Stanford Cardiac Arrhythmia Service


An Electrocardiogram (ECG or sometimes called an EKG) is the most commonly used test to diagnose arrhythmias. It’s a simple non invasive test that detects and records the heart’s electrical activity, showing how fast it’s beating and its rhythm (regular or irregular). The ECG also records the strength and timing of electrical signals as they pass through each part of the heart. This information from the ECG may be used to make the diagnosis of a heart rhythm problem.  The information gathered from this simple noninvasive test may sometimes provide evidence of increased thickness of the heart muscle, damage to the various parts of the heart muscle, or enlargement of the heart chambers.  It can also help your doctor determine If you are likely to develop disturbances of the heart rhythm.

What to expect?  You may be asked to remove all jewelry from your neck and wrists. Prior to having an ECG you may want to avoid putting on skin cream or oil since it tends to interfere with obtaining a good ECG recording. Men are usually bare-chested during the test. Women are offered a gown. If you are wearing stockings, you should take them off. You will lie on a bed or table. Small, sticky patches (electrodes) are placed on your chest, wrists and ankles. Areas on your arms, legs, and chest where the electrodes will be placed are cleaned and may be shaved to provide a good contact with your skin.The electrodes are connected to a machine that monitors and records your heart’s electrical activity from 12 different views. You’ll be asked to lie quietly while the ECG is recording. The test, which takes approximately 10 minutes, allows your physician to see your “baseline ECG” and determine if there’s any abnormal conduction through your heart while you’re at rest.

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Last Updated: March 26, 2008
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Your physician uses the ECG to determine the heart rhythm and information about the heart’s electrical signals.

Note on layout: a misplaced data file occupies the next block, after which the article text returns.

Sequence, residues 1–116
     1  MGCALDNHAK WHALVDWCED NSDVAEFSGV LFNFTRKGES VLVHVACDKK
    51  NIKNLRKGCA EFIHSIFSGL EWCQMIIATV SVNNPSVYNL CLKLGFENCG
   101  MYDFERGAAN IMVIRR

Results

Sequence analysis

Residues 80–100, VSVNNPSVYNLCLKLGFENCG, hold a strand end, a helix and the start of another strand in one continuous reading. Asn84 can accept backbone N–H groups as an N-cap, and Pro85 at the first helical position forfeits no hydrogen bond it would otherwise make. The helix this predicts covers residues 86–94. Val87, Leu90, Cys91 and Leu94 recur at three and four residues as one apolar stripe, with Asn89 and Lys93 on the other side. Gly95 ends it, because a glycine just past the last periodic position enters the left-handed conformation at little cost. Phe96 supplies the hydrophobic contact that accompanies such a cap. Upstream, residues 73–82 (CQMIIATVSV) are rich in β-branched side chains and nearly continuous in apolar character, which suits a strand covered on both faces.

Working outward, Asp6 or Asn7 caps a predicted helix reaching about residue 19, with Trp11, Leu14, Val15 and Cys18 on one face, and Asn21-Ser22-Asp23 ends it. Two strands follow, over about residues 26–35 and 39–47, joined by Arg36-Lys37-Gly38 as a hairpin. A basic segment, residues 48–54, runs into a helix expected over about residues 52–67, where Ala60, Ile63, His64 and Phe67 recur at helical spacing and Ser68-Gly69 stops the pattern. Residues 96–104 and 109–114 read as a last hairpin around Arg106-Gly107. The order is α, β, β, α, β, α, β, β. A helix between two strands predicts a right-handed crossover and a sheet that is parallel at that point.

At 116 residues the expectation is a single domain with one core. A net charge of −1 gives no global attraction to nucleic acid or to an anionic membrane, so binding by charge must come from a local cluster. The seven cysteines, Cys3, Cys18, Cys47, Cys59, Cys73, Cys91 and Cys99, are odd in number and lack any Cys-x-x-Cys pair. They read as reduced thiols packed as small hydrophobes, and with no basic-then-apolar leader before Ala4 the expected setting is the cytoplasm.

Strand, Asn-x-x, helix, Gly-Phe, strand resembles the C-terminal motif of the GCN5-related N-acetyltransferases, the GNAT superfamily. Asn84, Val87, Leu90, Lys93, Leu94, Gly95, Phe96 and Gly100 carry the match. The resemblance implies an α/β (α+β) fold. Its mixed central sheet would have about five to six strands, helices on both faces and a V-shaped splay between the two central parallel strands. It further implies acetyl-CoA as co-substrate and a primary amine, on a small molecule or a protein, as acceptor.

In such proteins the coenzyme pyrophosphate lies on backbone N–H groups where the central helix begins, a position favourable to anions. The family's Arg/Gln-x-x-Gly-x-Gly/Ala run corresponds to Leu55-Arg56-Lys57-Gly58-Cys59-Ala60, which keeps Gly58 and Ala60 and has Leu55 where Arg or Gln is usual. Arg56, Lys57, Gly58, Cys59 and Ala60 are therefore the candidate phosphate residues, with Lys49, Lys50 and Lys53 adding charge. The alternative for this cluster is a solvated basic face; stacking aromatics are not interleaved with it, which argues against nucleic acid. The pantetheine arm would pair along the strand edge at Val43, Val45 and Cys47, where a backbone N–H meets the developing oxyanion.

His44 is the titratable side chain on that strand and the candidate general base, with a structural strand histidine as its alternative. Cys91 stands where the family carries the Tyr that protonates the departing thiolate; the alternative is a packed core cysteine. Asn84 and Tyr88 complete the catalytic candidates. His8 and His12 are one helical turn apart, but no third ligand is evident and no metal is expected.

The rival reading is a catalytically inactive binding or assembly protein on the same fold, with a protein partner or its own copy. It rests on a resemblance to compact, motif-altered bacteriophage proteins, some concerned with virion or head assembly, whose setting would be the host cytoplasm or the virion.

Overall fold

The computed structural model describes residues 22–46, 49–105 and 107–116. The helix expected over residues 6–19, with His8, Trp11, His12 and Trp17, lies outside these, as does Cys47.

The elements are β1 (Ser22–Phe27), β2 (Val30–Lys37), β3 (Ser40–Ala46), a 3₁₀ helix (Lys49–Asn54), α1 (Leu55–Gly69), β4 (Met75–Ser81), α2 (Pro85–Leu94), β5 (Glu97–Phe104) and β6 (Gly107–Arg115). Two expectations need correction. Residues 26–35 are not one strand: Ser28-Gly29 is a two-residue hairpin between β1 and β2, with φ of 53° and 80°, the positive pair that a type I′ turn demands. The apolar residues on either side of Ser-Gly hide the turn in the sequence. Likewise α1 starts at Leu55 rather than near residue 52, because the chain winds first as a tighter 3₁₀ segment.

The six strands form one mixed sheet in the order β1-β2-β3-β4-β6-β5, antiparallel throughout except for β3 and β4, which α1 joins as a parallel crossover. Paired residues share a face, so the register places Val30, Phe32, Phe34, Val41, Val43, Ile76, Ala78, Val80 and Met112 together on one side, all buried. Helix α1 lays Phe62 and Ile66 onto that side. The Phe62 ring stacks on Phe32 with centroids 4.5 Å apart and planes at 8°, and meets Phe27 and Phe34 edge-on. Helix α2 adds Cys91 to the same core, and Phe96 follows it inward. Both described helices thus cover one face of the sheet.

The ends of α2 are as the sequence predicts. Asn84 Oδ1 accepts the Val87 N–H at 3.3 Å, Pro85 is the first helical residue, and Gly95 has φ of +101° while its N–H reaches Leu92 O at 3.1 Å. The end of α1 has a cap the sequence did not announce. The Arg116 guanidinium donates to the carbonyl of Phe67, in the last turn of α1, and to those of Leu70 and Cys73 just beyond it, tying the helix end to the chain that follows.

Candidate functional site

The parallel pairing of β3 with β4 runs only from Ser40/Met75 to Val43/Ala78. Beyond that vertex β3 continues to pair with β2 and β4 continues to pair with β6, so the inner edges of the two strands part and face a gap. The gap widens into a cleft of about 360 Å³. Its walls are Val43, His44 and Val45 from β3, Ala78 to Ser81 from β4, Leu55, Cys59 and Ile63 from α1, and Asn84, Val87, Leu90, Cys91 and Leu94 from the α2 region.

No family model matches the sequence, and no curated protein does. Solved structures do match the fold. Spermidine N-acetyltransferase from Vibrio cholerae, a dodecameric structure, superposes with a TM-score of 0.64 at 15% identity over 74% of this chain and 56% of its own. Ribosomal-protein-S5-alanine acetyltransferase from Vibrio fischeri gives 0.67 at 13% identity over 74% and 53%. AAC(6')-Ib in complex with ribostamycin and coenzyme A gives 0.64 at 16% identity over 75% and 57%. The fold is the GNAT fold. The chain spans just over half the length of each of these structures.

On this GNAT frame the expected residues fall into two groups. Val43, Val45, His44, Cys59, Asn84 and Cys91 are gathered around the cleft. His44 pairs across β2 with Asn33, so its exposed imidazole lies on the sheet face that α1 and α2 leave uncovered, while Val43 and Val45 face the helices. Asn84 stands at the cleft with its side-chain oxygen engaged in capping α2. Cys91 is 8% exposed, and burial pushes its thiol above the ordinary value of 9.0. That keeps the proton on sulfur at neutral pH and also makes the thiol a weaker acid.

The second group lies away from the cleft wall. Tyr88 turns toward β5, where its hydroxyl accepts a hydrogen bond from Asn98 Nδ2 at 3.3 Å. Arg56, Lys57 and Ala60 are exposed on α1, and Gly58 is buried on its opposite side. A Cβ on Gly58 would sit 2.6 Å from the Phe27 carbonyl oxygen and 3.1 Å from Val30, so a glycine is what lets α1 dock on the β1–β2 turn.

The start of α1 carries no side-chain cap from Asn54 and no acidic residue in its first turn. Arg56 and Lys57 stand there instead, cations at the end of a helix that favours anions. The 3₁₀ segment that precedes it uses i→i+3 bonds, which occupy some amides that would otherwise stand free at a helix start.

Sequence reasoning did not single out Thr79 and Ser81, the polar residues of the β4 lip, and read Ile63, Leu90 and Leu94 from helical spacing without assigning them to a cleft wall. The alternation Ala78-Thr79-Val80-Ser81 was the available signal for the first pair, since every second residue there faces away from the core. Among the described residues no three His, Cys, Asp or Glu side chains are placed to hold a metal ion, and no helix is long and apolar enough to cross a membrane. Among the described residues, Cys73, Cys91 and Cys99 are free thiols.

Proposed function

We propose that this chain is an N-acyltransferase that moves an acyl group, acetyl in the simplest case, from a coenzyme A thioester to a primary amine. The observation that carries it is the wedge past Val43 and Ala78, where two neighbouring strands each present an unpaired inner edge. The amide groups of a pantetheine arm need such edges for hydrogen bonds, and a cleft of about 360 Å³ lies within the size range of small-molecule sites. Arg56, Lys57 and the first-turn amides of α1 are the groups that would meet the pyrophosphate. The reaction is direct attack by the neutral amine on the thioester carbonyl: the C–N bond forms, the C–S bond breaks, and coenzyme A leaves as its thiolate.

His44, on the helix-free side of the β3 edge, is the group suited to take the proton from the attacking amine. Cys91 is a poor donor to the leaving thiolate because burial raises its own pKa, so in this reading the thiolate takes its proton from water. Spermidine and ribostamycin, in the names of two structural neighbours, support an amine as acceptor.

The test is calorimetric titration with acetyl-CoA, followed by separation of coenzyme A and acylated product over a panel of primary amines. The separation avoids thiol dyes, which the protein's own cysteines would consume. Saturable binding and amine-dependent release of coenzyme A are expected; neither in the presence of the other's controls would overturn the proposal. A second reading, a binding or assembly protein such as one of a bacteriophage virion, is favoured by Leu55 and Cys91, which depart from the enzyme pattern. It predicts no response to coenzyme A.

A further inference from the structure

The ECG records the electrical signals as they move through the heart.  In normal rhythm the electrical signals starts at the heart’s own pacemaker, called the sinus node.  The electrical signal first spreads through the heart’s upper chambers called the atria.  The electrical signal spreading through the atria produce a noticeable bump or deflection called the “P wave”. 

Next, the normal signals travel from the heart’s top chambers, the atria (plural of atrium), to the lower chambers by traveling through a connector or staircase called the A-V node.  The time the electrical impulse takes to travel through the A-V node make up the major part of the period of time to go from the atrium to the ventricle and is measured as the “P-R interval”.  In some conditions, this time may be increased.   In some situations, some of the signals do not make it from the atrium to ventricle, a condition called A-V block or heart block.

Next the impulse travels to the lower heart chambers, the ventricles. On the ECG, this produces a signal called the QRS complex.  The time that the electrical signals take to reach all parts of the ventricles determines the width of the QRS complex.  In some cases, an extremely wide QRS complex can result in a decreased efficiency of the heart’s electrical system.

One the ventricles have been activated, the ventricles start to get ready to be activated again. This process called repolarization produces a deflection called the T wave.  The time period from the beginning of the QRS complex to the end of the T wave is known as the QT interval.  The QT interval may be prolonged due to a variety of conditions including the effect of medications, heart muscle abnormalities, heart attack, or genetic conditions that may lead to serious lower chamber fast rhythms called ventricular tachycardia (Long QT syndrome).

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